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[Bug 14709] lang tag validation is insufficiently specified

From: <bugzilla@jessica.w3.org>
Date: Mon, 07 Nov 2011 00:31:14 +0000
To: public-html-bugzilla@w3.org
Message-Id: <E1RND7K-0001u8-6L@jessica.w3.org>
http://www.w3.org/Bugs/Public/show_bug.cgi?id=14709

Leif Halvard Silli <xn--mlform-iua@xn--mlform-iua.no> changed:

           What    |Removed                     |Added
----------------------------------------------------------------------------
                URL|                            |http://dev.w3.org/html5/spe
                   |                            |c/elements#the-lang-and-xml
                   |                            |:lang-attributes
                 CC|                            |xn--mlform-iua@xn--mlform-i
                   |                            |ua.no

--- Comment #2 from Leif Halvard Silli <xn--mlform-iua@xn--mlform-iua.no> 2011-11-07 00:31:11 UTC ---
(In reply to comment #1)
> Another way to look at this problem is "should ISO 639-3 (three-letter) codes
> be allowed when the BCP47 tag for a given language is the two-letter ISO 639-1
> code?"

Due to the fact that the BCP47 tag is "my", there can be no doubt that it is
invalid to use lang="mya".

However, I think  what you ask,  is whether it would be against HTML5 for the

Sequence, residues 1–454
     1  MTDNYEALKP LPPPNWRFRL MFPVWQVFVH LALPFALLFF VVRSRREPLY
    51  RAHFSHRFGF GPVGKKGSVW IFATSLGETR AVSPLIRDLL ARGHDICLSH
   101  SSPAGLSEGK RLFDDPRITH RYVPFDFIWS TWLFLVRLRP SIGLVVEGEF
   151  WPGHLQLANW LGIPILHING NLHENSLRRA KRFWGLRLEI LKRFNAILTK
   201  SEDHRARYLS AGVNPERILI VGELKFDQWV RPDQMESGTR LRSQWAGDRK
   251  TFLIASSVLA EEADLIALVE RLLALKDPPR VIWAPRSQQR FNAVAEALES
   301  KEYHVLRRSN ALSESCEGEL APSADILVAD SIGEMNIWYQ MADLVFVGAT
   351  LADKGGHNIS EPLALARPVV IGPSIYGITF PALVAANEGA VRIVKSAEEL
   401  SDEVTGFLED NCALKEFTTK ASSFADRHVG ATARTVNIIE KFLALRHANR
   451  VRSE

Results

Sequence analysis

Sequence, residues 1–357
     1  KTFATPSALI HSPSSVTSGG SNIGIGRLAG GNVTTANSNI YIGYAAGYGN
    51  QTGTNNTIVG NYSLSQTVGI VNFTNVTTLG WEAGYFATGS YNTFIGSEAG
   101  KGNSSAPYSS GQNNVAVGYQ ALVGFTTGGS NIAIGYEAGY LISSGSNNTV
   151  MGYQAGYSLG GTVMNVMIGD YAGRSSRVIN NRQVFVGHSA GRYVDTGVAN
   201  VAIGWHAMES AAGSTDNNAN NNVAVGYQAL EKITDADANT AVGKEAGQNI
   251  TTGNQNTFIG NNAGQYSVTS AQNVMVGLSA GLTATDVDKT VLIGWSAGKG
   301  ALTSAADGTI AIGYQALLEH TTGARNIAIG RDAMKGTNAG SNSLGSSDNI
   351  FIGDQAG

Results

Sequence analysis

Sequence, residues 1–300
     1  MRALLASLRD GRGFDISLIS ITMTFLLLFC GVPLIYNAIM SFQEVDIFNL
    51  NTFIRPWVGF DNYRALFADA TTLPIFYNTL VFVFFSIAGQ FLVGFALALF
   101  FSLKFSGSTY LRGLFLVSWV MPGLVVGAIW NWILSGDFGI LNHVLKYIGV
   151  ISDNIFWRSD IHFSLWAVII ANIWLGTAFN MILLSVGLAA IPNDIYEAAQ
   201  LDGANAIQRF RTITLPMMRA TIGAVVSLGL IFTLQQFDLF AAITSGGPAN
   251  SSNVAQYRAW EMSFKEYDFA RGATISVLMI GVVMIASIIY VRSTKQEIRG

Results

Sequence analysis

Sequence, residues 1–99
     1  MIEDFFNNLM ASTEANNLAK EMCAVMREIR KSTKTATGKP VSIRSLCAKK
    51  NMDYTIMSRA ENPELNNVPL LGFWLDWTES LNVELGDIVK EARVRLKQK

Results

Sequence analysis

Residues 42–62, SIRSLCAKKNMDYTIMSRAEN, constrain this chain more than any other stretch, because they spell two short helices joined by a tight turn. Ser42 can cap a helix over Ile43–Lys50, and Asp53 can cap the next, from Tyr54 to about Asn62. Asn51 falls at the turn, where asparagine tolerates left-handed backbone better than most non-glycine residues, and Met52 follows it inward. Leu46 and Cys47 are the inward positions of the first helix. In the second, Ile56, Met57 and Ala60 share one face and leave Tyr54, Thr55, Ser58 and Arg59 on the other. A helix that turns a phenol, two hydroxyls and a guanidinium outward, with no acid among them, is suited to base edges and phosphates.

screenreader to report the 3-letter tag "mya" as Burmese when the valid BCP47
tag for Burmese is "my". 

The spec seems to say that "mya" should be reported as "mya" and not as
"Burmese".  On the other side, the spec does not seem to have considered what
to do in a case such as "mya".

If I read you correctly, you want HTML5 to explicitly forbid that "mya" is
treated like a synonym for "my". And this might make sense.

When it comes to CSS, then it is clear that it is not synonymous - just
consider that  div:lang(mya){} would not select <div lang="my">. But when it
comes to screenreaders and OpenType APIs etc, then this might not be as clear.

BCP47 itself has its own extension points, and in order that extensions happens
in BCP47 and not elsewhere etc, it might make sense to say that codes that are
not part of BCP47 should not be treated as synonyms of codes that *are* part of
BCP47. Or something like that.

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Received on Monday, 7 November 2011 00:33:20 GMT

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